S, R. Rayburn, of Kyle, spent the
week-end at Mt. City, Tenn.
Arthur Hembree, of Kyle, is
spending this week in Asheville,,
where he expects to see Persident
Grady Ray and S. R. Rayburn,
members of the CCC camp at Hot
Springs, N. C., visited their parents
at Kyle over the week-end.
Wilbur Moore, of Kyle, was call
ed to a TVA job Friday of last
Osc^r Hamilton, of Kyle, was
galled home on account of illness.
A eake waMc and pie supper was
held September 30 at the Kyle
school for the benefit of the school.
A 45-foot lookout tower is being
built on Wayah Bald in the Nan’
tahala national forest,
Imogene and Harold Hall, who
are attending school at Andrews,
visited their parents, Mr. and Mrs.
0, C, Hall, over the week-end.
The Rev, John Brendle, of Frank
lin, is conducting a meeting at the
Mrs, Bud Hick, who has ' been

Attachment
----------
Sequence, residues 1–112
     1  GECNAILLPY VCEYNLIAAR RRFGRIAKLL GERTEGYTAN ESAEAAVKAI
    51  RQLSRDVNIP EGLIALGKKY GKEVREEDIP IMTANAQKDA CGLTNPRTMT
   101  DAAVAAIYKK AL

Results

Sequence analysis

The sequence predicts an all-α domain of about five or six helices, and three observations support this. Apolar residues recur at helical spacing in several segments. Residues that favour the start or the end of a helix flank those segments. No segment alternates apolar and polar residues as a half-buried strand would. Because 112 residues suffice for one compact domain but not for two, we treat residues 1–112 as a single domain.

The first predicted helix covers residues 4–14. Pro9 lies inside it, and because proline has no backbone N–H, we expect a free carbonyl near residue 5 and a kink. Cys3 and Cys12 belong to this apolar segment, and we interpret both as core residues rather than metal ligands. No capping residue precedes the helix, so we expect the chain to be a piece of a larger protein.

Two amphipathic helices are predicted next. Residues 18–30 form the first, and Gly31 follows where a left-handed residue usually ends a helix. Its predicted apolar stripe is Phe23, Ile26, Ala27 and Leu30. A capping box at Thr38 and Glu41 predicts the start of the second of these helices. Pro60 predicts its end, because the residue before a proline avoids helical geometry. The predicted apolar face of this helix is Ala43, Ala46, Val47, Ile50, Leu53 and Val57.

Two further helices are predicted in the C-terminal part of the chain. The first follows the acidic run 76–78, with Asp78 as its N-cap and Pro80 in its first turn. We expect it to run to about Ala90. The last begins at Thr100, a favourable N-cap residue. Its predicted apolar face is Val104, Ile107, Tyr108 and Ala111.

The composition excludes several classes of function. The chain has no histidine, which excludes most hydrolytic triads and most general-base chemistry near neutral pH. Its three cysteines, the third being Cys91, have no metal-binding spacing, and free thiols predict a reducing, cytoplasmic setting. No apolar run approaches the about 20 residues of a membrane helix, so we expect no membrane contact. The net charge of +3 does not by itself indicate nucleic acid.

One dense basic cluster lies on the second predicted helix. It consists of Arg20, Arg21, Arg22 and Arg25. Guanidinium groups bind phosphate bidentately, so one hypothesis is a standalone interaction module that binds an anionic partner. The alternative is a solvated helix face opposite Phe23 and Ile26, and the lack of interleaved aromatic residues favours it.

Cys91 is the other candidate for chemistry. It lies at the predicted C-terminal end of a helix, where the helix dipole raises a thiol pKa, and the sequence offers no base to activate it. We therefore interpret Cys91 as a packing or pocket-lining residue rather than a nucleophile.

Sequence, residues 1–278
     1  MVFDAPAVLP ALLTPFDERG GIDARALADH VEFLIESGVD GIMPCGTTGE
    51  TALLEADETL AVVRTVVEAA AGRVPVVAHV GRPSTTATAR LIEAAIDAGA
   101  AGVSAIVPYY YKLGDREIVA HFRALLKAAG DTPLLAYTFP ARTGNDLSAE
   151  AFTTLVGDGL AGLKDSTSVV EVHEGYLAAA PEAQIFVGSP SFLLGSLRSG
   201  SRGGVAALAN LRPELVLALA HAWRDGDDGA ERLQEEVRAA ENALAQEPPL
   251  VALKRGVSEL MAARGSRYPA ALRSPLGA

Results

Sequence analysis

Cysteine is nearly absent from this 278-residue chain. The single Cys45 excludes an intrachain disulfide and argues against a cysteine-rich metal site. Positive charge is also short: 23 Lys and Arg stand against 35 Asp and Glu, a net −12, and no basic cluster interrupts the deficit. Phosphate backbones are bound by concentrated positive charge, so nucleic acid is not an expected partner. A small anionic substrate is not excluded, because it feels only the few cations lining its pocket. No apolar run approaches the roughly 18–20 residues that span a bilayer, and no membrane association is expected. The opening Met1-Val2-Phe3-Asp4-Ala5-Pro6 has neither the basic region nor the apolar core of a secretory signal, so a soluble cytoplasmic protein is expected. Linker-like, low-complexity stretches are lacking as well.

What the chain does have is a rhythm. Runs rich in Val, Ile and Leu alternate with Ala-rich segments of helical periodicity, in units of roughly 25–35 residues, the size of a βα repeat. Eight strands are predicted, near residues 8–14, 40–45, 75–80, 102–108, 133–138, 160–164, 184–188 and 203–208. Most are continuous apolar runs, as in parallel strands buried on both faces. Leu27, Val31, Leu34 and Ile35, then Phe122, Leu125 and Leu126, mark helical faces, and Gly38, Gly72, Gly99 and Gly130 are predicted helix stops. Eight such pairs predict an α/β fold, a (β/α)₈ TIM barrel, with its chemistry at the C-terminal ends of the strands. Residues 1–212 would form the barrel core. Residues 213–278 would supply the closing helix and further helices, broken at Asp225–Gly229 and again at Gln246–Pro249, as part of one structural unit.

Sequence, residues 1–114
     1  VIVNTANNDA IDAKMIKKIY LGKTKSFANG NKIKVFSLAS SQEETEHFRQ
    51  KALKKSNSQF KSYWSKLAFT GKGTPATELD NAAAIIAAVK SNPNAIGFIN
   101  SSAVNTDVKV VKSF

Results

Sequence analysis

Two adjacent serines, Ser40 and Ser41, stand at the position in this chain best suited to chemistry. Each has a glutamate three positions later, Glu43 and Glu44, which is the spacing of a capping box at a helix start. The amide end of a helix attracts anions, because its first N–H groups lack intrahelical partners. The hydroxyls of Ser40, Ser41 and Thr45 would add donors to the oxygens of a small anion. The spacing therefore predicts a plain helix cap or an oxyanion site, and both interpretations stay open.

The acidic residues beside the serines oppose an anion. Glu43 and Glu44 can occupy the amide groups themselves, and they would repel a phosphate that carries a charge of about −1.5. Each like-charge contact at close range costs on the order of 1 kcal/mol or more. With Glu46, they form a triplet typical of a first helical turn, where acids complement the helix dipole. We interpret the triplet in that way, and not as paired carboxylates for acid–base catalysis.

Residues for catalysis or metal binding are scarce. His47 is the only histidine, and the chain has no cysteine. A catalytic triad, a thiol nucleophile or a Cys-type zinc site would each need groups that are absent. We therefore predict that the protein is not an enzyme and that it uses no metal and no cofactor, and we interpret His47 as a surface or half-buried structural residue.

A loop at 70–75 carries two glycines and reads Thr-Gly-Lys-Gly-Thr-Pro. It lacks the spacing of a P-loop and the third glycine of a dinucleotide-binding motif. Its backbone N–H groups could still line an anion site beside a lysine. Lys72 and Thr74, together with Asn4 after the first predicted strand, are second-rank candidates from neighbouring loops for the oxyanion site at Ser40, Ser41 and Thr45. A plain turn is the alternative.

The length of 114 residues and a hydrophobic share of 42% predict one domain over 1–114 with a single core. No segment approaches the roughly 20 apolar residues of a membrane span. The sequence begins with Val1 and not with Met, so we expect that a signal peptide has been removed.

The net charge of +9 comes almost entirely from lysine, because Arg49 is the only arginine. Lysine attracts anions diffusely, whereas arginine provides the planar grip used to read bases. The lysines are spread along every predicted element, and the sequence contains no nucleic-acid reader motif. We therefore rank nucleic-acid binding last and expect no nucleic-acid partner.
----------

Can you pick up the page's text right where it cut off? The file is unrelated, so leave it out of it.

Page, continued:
seriously ill following an operation,
is reported to be improving.
Bird Observers Wanted
In the South and West
WANTED—More volunteer ob
servers of bird migration in the
South and West. Address United
States Biological Survey, Washing
ton, D. C.
The Survey reports it has plenty
of bird observers east of the Miss
issippi river and north of the Ohio
and Potomac rivers, ibut not enough
in the South and West. Persons in
these two regions interested in be
coming bird observers are requested
to write Biological Survey.
Bird-migration observers serve
without pay largely because they
find their work a fascinating hobby.
Some of them make a game of
keeping track of birds and especial